For me, Indian fiction is irresistible and Jhumpa Lahiri’s writing draws me within her fictional worlds. I had read Namesake which was an excellent book with a rare story of Indian immigrants in America. Unaccustomed Earth is pretty much written on the same lines with the only exception that it is not a novel but a collection of short stories. Its worth spending your time and money over and its a really wonderful read.
Taken from amazon.com
The book is divided into 2 parts with Part One having 5 short stories about Indian immigrants of different ages, genders, and spanning across generations. The stories are set all over the U.S. While Part Two is a short immigrant love story of Hema and Kaushik.
In Part One, the first story Unaccustomed Earth is about a husband and his daughter coping with the wife/mother’s death and how her death allows him to travel while the daughter worries about taking care of her father.
In the second story, Hell-Heaven, a married woman falls in love with a younger man who does not reciprocate this love and instead marries an American.
A Choice Of Accommodation, the third story narrates the loss of love between a married Indian-American couple and how they regain that love. The fourth one, Only Goodness is a story of a sister trying to protect her brother from alcoholism yet shunning him at the same time because of his addiction. It gives a unique look at a brother-sister relationship.
The last story, Nobody’s Business is a singular story of an Indian woman living as a roommate with Americans and who is in love with an Egyptian.
Part Two has three chapters which tell a love story that develops between Hema and Kaushik over the years, yet one that ends in tragedy.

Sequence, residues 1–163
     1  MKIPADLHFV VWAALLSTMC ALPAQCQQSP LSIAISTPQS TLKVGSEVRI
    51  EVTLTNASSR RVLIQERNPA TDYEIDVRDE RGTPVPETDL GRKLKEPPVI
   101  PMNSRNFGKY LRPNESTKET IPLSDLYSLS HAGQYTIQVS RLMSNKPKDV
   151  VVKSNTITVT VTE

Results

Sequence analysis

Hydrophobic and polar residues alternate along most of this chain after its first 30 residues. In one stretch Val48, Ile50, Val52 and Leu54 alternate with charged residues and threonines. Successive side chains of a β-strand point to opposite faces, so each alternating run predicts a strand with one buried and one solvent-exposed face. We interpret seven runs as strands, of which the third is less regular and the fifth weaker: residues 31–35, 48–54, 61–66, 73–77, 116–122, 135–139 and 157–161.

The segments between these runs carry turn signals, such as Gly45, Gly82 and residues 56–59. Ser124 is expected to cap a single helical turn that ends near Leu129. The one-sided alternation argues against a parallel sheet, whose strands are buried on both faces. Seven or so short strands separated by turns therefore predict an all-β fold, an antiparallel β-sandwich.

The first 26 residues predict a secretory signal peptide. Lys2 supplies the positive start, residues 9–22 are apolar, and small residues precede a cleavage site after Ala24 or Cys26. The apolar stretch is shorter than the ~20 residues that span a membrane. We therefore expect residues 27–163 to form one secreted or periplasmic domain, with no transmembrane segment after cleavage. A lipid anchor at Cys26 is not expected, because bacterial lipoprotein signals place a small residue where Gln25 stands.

The first thing that hits the reader in the face is that these stories do not have a rosy picture. There is a fragmented despair and utter sadness, even isolation and depression that pervades each story. They do not have a single aspect of the American Dream. There is conflict in each story, a loss of identity, a strong sense of disillusionment or even anger. Unaccustomed Earth provides harsh glimpses into the immigrants’ world which is unexpected as the majority of readers would expect a happy, better life in America than in India. Materially, the families are well off in each story but never emotionally or spiritually.
Although Unaccustomed Earth is a collection of short stories, the characters really come alive in each of them. Jhumpa Lahiri’s fine writing brings out nuances, peculiar qualities, different characteristics that makes the reader easily form a clear picture of the characters in their mind (just like in Family Matters by Rohinton Mistry). Her writing is undoubtedly superb and elegant. It effortlessly captures the essence of Indian immigrant life in America (just like it did in the Namesake) It is a definite must read for all lovers of Indian fiction writing and for all those who love literature.
One warning for all who want to pick up the book to read: Unaccustomed Earth requires a great deal of concentration and it is not our typical kind of ‘happy’ book, so for those who are looking for a happy, rosy read, please don’t bother to read this collection of short stories.
For others who would love to venture beyond the usual and read something thought provoking, might find this book just right!
This post is part of the Pardesi series that highlights immigrant experiences.
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